Mercy Housing Completes 1180 Fourth Street Affordable Housing Designed by Mithun|Solomon and Kennerly Architecture in San Francisco
New 150-unit Apartment Community Anchors Gateway Corner at Mission Bay
SAN FRANCISCO, CA (December 11, 2014 ) – Mercy Housing California announced today the completion of 1180 Fourth Street, a 150-unit affordable housing community designed by collaborating architects Mithun|Solomon and Kennerly Architecture & Planning.
1180 Fourth Street marks the corner of Fourth and Channel Streets as a gateway to San Francisco’s Mission Bay South, a key component of the burgeoning 300-acre Mission Bay community of housing, retail and office space. 1180 Fourth, developed at a cost of approximately $55 million, provides a range of critically-needed affordable housing within this fast-growing neighborhood, and houses 150 low-income, very low income and formerly homeless individuals and families.
“As a prominent gateway to Mission Bay, 1180 Fourth’s setting carries urban design obligations unusual for an affordable housing property,” said Daniel Solomon, a partner at Mithun|Solomon, the San Francisco office of Mithun. “With a vibrant mix of street level uses, and richly articulated architecture, this building holds its own among larger, market-rate neighbors and biotech campuses. 1180 Fourth brings the city’s cosmopolitan diversity to this emerging neighborhood.”
“1180 Fourth Street is the result of a strong collaboration with the City and County of San Francisco and the Office of Community Investment and Infrastructure to bring affordable housing and vibrant commercial activity to Mission Bay,” said Doug Shoemaker, President, Mercy Housing California. “Mercy Housing and Episcopal Community Services, our service provider, welcomes all of our new low income and formerly homeless families into San Francisco’s newest neighborhood and 1180 Fourth Street.”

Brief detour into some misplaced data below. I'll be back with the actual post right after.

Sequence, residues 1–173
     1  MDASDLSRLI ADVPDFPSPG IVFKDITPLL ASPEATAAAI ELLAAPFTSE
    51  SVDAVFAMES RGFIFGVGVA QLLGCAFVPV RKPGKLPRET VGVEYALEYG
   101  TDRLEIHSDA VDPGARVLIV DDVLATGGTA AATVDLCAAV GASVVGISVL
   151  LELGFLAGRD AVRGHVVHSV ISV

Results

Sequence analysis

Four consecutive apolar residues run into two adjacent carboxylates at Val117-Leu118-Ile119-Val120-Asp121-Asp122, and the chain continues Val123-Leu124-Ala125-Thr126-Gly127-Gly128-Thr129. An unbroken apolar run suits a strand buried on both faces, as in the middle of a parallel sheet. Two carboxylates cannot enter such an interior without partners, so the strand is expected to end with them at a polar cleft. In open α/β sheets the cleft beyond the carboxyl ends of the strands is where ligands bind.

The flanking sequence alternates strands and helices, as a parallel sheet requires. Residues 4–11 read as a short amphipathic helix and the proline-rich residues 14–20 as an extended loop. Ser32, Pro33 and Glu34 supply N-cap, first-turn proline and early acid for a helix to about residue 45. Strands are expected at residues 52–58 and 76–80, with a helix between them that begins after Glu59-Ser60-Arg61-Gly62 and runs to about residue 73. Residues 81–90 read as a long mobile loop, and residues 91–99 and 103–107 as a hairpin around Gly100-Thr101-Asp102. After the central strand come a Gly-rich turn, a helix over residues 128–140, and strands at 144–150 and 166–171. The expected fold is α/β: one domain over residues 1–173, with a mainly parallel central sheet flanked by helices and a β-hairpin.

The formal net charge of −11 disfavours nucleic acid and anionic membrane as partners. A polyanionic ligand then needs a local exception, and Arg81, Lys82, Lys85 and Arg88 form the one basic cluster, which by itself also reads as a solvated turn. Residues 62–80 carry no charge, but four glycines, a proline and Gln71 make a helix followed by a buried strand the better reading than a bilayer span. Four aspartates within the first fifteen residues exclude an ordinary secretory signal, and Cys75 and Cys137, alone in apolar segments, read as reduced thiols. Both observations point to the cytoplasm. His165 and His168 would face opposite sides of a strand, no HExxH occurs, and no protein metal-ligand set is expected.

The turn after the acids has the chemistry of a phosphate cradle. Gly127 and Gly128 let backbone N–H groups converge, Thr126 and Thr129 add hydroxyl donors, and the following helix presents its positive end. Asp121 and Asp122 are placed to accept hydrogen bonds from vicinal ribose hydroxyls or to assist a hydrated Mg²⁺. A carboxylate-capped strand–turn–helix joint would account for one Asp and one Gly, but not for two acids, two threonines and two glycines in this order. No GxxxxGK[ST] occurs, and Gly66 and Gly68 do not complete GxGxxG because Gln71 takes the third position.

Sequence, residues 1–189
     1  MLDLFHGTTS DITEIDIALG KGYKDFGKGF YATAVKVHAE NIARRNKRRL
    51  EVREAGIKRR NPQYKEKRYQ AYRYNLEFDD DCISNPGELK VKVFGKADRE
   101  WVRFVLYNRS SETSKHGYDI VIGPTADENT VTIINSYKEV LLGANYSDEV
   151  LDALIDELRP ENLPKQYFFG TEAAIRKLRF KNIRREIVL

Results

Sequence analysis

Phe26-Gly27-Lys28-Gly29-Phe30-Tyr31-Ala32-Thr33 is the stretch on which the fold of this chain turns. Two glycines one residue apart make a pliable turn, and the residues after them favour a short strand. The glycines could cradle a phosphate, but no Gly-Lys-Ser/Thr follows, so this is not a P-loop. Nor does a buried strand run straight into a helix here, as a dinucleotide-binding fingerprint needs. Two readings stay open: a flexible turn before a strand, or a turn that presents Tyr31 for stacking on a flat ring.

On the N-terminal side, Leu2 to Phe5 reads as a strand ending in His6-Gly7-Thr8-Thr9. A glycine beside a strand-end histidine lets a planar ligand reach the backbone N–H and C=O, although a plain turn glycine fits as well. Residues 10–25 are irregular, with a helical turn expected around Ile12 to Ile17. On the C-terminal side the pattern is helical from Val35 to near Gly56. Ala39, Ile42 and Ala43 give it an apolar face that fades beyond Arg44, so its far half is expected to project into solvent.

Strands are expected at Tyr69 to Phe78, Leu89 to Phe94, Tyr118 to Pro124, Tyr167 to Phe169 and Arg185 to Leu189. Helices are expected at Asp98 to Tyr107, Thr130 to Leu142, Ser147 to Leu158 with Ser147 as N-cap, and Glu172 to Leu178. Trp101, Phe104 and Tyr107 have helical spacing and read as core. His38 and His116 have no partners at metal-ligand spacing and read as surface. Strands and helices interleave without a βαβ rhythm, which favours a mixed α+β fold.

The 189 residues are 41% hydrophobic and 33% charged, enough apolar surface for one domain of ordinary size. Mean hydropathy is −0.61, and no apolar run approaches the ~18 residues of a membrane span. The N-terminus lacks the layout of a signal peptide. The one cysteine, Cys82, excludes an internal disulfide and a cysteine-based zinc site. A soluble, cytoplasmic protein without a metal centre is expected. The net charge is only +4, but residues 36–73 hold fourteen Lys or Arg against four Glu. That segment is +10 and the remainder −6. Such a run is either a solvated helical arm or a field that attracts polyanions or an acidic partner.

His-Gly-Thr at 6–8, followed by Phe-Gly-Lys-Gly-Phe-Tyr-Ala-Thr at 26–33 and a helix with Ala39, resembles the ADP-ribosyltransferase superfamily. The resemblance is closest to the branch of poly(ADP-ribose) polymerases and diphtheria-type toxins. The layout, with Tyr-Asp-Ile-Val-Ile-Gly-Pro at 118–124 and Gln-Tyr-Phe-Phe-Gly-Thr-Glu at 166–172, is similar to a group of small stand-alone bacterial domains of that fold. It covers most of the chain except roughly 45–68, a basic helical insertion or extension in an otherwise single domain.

The six-story community of one-, two- and three-bedroom apartments includes 11,000 square feet of retail space lining Fourth Street, anchored by a corner restaurant space, and a community building facing Channel Park that serves the greater neighborhood. Common areas include a rich array of mid-block courtyards and gardens on three levels, along with a teen room, exercise room, two family-day-care units, and supportive services spaces.
Mithun is the executive architect and architect of record for 1180 Fourth, with associated architects Kennerly Architecture & Planning and Full Circle Architects. 1180 Fourth’s design was originated as WRT/Solomon E.T.C. The contractor is James E. Roberts-Obayashi Corp. Property management provided by Mercy Housing Management Group.
Mithun’s Erin Christensen Ishizaki has been recognized by Urban Land Institute (ULI) as one of the world’s top 40 real estate professionals under 40.